A practical five-day course with interactive workshops – now in its 17th successful year!
This comprehensive course has been designed to map the processes from device concept to marketing and show how regulatory, quality, clinical and other aspects of device development are joined into a continuous process.
6-10 Jul 2020
GBP 2,999 2,499 *
EUR 4,199 3,499 *
USD 4,678 3,898 *
* When you book before 10 Apr
Bringing a medical device to the marketplace is a complex and lengthy procedure which requires experience, knowledge and specialist skills. The contribution to successful market placement comes from many different skilled individuals and organisations who should be aware of all the stages involved and be able to relate their responsibilities to the needs of other professionals, scientists, clinicians and regulatory and quality experts.
This comprehensive course has been designed to map the processes from device concept to marketing and show how regulatory, quality, clinical and other aspects of device development are joined into a continuous process. The programme will commence with a general introduction as to what devices are and how they are developed, and continue with lectures, practical workshops and case studies covering each process applicable to device development, marketing and, eventually, postmarket procedures. There will be ample time throughout the five days for informal discussions
with our expert faculty and fellow professionals.
Benefits of attending:Understand the procedures for taking a medical device to the marketplace
This event has been designed primarily for those who wish to understand the processes involved in bringing a medical device to market. General medical devices as well as active implantable, in-vitro diagnostic and drug device products will be covered in the programme.
The course will be of particular interest to those seeking to introduce new medical devices to the market. Previous delegates who have benefited include regulatory, quality, clinical and marketing managers.
Discussion sessionClassification of medical devices
Classification workshop with case studies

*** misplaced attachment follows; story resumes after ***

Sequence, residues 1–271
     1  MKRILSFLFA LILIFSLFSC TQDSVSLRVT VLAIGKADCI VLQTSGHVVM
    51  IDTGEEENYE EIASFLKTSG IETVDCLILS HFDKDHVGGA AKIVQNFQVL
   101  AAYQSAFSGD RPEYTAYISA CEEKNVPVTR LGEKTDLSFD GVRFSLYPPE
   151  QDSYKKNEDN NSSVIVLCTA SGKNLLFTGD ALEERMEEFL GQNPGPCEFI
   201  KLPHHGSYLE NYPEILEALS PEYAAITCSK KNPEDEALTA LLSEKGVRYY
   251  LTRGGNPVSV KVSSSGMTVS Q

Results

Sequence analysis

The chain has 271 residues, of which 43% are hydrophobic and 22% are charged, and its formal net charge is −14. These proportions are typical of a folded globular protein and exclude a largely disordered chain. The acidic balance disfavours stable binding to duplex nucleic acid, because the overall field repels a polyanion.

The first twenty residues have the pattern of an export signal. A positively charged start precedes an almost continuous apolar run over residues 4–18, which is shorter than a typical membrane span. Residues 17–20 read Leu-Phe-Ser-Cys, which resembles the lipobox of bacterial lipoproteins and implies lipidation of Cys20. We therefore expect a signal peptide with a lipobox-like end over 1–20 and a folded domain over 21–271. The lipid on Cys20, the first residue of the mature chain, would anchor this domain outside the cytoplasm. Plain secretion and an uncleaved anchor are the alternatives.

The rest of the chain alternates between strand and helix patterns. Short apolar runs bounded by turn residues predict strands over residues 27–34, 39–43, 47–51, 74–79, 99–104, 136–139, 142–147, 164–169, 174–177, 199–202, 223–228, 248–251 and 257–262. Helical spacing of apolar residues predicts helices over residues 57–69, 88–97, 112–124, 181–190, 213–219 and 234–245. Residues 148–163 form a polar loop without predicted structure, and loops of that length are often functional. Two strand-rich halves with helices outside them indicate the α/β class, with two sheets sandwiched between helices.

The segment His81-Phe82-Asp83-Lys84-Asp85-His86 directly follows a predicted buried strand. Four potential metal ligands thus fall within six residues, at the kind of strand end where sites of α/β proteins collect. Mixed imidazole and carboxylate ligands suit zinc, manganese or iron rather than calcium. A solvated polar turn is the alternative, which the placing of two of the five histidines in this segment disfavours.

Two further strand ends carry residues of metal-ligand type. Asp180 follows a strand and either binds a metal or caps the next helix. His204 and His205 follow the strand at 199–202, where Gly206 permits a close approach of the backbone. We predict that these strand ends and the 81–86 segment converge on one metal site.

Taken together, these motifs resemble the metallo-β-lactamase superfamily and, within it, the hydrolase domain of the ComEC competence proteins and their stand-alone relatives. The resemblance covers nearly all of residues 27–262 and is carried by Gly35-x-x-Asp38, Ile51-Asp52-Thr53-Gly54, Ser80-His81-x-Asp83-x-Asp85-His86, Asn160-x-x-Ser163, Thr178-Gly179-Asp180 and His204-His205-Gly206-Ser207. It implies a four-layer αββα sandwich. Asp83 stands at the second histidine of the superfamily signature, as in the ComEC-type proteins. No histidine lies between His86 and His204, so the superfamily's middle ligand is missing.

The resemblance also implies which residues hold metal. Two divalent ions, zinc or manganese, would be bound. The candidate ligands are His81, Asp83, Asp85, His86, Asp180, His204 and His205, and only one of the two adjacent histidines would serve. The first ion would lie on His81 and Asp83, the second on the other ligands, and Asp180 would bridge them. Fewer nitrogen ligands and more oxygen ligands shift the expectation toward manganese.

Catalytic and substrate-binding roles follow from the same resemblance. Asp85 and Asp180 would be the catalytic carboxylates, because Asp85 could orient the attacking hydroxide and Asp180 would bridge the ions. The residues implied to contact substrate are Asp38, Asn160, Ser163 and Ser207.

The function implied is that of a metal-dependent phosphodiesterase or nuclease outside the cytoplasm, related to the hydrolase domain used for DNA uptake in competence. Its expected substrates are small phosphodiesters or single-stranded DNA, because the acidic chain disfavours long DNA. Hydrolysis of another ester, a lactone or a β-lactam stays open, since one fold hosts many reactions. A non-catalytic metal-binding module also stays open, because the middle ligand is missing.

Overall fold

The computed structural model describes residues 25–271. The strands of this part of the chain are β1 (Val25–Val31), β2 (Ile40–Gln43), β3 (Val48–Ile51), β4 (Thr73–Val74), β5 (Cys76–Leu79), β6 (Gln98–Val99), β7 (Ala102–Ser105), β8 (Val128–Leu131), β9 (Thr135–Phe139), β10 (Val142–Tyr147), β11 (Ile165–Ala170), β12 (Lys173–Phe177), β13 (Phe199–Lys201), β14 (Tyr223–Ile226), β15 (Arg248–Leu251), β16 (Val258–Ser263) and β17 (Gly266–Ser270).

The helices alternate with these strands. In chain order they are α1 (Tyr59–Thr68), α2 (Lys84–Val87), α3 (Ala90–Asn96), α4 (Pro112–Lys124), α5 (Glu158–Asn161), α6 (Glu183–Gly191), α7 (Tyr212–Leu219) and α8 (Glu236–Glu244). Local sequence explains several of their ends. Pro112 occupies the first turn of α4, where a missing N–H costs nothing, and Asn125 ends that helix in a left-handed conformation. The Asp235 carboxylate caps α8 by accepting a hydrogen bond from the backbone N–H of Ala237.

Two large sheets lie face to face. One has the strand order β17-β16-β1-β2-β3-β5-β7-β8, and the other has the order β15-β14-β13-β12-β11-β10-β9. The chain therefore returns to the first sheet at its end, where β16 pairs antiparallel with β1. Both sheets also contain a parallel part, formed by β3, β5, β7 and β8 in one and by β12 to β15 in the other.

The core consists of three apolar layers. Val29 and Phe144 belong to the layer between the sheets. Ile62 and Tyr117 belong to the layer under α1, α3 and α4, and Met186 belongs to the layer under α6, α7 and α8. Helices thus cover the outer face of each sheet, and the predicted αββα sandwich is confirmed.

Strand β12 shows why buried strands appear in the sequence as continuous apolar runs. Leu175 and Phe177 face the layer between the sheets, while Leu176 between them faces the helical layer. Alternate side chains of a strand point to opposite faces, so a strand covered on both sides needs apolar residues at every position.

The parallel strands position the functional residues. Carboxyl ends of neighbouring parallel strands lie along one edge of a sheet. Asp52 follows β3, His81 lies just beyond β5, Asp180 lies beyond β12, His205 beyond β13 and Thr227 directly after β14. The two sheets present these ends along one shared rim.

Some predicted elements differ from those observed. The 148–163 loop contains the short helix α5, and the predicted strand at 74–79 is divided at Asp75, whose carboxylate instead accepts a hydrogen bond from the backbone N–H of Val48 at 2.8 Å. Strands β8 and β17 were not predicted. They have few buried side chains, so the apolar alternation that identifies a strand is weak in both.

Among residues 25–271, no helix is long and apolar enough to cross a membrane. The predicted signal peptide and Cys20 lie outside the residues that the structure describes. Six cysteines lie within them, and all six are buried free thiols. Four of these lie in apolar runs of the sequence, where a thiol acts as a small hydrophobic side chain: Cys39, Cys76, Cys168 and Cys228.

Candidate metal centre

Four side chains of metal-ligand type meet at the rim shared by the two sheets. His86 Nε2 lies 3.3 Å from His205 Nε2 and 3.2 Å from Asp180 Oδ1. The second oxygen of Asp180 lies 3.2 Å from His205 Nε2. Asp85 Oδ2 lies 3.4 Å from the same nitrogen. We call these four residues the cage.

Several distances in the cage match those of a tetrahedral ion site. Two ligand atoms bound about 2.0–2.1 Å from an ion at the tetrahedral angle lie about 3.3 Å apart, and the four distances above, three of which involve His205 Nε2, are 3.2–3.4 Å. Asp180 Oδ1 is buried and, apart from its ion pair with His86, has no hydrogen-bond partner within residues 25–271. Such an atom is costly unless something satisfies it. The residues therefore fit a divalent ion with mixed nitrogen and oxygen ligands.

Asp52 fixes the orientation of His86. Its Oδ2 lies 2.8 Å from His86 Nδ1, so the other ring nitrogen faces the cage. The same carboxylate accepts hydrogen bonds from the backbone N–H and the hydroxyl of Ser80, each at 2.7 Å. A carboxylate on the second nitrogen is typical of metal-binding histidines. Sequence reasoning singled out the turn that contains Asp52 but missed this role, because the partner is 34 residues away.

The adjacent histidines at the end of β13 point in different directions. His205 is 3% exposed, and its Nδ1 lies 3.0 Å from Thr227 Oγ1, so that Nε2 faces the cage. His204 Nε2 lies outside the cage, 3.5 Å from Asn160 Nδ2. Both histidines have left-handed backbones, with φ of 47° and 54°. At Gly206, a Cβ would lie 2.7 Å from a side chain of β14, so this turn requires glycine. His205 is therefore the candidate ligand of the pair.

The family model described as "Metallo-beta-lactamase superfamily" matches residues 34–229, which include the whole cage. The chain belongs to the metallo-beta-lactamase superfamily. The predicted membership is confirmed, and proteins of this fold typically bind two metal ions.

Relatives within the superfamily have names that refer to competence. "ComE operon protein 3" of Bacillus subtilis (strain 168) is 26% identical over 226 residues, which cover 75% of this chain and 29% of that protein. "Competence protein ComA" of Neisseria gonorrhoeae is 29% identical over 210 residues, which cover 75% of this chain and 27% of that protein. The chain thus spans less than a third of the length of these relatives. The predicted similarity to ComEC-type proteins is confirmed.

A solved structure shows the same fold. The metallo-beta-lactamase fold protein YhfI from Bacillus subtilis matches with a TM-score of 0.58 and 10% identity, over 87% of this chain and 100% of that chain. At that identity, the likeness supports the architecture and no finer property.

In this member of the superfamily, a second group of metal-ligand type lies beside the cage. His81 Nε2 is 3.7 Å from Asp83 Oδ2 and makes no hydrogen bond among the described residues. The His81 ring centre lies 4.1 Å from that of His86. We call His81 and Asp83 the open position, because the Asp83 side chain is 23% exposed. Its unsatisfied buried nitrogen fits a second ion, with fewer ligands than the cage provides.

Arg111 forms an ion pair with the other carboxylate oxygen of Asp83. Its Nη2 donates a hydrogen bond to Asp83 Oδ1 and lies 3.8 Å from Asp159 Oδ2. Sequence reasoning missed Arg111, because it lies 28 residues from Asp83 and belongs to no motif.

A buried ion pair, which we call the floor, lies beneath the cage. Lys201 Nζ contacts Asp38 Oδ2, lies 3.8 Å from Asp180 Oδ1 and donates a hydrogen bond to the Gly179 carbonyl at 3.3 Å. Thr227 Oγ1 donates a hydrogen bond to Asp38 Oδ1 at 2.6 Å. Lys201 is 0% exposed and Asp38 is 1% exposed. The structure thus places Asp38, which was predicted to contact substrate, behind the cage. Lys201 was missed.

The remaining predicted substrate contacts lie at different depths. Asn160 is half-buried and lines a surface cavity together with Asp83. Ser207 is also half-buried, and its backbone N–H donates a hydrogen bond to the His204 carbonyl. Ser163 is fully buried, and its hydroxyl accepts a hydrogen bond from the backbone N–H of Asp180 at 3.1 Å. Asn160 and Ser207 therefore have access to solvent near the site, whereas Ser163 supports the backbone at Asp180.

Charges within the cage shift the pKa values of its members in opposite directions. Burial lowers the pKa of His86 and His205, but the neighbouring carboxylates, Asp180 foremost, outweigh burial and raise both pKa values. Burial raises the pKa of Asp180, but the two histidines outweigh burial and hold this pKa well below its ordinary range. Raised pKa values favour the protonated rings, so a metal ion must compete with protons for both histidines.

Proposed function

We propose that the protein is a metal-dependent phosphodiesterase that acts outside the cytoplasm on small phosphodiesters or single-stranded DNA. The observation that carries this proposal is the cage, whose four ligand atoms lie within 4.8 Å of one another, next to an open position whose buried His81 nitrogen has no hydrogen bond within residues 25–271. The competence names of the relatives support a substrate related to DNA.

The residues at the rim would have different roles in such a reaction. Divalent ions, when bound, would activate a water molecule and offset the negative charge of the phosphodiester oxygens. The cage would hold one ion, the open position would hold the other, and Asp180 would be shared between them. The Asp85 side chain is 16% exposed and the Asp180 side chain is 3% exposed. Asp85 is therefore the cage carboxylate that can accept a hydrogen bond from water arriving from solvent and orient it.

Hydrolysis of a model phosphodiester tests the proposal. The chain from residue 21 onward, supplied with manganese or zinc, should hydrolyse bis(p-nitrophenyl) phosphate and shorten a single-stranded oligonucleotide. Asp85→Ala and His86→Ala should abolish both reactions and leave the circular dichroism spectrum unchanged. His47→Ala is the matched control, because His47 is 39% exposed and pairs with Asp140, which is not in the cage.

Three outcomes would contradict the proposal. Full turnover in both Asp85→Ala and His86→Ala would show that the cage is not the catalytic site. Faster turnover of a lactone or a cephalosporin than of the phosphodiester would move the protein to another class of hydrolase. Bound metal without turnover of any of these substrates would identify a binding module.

How Should a Risk Analysis be Conducted? – Risk Analysis WorkshopBiological Evaluation of Medical Devices
Clinical investigation/evaluation workshopApprovals for conducting clinical studies
Dicussion sessionDrug/device products
Workshop with case studies
Janette Benaddi is a business mentor, international speaker/trainer and consultant to the medical device industry. Janette has over 25 years’ experience of managing pre and post market clinical studies in both devices and pharmaceuticals. Janette has worked with several multinational organizations in various clinical, regulatory and marketing roles. She has extensive experience of conducting clinical studies with medical device products as well as regulatory expertise for CE marking of devices. Specifically she has been involved in writing and reviewing hundreds of Clinical evaluation reports for the medical device industry, she has also provided training to Notified bodies in this subject.
Janette qualified as a registered nurse in 1984, she has a BSc in Management studies, a Diploma in Company Direction, and a Diploma in Management studies, holds a teaching certificate and is a Chartered Scientist and Chartered Director. Janette sits on several committees in the device community and industry and has been an instrumental advocate of improving and advancing medical device research in the UK. Janette has published several articles relating to medical device regulation and clinical studies.
Will Burton, Director of Russell Square Quality Representatives (RSQR) Ltd, is engaged in providing a range of consultancy and training services to the international medical device, pharmaceutical and biotechnology industry sectors. Prior to founding RSQA in 1995, Will was the Professional Services Manager of the Manufacturer Registration Scheme Business Unit of the UK Medical Devices Agency (now MHRA).